The historic pool and deck area, with restored tile mosaics and stone paving, is within a landscaped enclosure below the beach level. Facing the pool is a freestanding white colonnade that defines the location and scale of the mansion's façade. The footprint of the huge structure is delineated on the parking lot behind the Pool House. Behind the colonnade, a series of 14 concrete pillars, each 30 feet high,[2] is the new Pool House with changing rooms, restrooms and built-in cabana areas lined with wood stained in colors taken from the pool tile. On the second floor is a glass-enclosed event room and open terrace that overlooks the pool, with views along the coast from the Santa Monica Pier to the Santa Monica Mountains and back to Palisades Park Midway along the boardwalk, at the center line of the old mansion, a second boardwalk facilitates accessibility across the deep beach to the water's edge. Continuing north, the boardwalk passes beach volleyball courts that maintain the game's presence on the site where it was invented. On the inland side of the boardwalk north of the pool is a series of ground level terraces framed with landscape. These areas include a children's play area with a water feature and other spaces shaded by palm and melaleuca trees. The Event House contains three rooms of different sizes, two with fireplaces, for community use.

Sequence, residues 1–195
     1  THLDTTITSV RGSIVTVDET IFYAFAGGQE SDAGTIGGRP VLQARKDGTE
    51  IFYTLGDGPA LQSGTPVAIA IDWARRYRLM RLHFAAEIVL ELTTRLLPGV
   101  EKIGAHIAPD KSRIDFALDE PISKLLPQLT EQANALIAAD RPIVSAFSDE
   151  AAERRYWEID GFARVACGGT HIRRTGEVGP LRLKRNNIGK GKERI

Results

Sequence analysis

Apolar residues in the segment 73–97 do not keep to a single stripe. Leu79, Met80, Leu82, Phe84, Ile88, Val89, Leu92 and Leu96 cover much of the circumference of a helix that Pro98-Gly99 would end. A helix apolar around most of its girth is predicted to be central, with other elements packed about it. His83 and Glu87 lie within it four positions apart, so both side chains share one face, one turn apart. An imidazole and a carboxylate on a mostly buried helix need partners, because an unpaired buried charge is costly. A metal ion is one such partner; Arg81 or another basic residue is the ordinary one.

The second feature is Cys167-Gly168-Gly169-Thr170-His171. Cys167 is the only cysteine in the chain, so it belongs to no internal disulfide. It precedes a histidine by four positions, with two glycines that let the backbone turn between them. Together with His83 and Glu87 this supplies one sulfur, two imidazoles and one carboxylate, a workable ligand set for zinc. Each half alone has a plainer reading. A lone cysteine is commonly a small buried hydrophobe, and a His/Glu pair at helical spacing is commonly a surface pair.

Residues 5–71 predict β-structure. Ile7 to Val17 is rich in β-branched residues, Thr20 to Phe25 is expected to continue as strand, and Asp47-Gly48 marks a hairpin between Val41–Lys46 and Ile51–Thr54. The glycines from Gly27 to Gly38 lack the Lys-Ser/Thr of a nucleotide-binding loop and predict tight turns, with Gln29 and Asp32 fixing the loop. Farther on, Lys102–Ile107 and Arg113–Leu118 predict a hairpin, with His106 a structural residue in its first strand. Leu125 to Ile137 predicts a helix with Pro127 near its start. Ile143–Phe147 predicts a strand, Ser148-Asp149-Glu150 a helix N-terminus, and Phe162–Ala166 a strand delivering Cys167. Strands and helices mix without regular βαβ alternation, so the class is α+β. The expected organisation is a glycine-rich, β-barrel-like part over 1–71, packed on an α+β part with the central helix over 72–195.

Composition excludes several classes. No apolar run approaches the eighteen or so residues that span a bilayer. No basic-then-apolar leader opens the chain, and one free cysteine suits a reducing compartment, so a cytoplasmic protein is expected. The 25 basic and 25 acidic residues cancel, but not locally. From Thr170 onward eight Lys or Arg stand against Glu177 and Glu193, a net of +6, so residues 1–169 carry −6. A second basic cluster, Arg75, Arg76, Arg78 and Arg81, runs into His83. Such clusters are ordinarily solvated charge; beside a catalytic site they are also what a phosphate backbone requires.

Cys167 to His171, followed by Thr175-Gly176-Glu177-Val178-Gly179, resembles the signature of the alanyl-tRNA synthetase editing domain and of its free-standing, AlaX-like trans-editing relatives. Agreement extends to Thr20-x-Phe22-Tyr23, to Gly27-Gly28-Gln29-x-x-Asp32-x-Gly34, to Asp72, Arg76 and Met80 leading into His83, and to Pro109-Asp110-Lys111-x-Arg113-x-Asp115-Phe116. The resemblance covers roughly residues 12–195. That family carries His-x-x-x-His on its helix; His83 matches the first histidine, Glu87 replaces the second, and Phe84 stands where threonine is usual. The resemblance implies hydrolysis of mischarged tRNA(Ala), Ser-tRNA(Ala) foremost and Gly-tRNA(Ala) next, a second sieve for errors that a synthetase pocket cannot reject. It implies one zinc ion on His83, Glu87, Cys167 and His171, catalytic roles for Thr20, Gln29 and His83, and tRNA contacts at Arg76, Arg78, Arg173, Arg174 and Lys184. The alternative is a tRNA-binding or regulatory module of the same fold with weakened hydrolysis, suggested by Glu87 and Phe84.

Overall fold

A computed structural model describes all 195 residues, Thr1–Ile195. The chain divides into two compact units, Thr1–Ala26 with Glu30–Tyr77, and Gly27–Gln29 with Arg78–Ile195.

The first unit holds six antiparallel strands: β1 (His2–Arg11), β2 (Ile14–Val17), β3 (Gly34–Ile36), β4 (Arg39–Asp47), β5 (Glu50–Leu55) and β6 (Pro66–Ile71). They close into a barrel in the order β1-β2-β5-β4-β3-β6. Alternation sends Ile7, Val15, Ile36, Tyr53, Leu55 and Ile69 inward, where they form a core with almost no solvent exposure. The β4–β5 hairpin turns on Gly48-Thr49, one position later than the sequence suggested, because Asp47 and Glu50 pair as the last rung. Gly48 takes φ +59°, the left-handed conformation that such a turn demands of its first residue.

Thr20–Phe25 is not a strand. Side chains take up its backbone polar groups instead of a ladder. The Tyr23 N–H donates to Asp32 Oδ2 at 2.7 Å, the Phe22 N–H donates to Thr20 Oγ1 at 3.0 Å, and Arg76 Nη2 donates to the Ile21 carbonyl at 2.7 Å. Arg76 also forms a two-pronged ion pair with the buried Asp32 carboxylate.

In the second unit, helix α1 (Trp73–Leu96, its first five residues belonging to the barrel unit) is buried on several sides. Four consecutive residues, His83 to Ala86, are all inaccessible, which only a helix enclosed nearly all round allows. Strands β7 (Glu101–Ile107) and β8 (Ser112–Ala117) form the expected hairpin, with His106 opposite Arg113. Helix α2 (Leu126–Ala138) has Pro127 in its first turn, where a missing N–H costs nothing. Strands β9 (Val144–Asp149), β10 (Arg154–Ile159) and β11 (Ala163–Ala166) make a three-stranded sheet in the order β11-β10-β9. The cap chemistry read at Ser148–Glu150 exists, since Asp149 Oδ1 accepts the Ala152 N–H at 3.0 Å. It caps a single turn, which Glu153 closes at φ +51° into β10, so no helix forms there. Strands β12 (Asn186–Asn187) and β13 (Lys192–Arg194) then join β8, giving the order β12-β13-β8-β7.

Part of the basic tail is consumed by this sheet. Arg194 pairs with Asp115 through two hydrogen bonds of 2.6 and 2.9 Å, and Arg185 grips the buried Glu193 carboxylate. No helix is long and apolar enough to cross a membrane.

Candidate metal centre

The boardwalk terminates at the north parking lot. Beach activities are supported by a small building that supplies umbrellas, chairs, boogie boards and other beach paraphernalia. Beach volleyball courts are available for public use as well.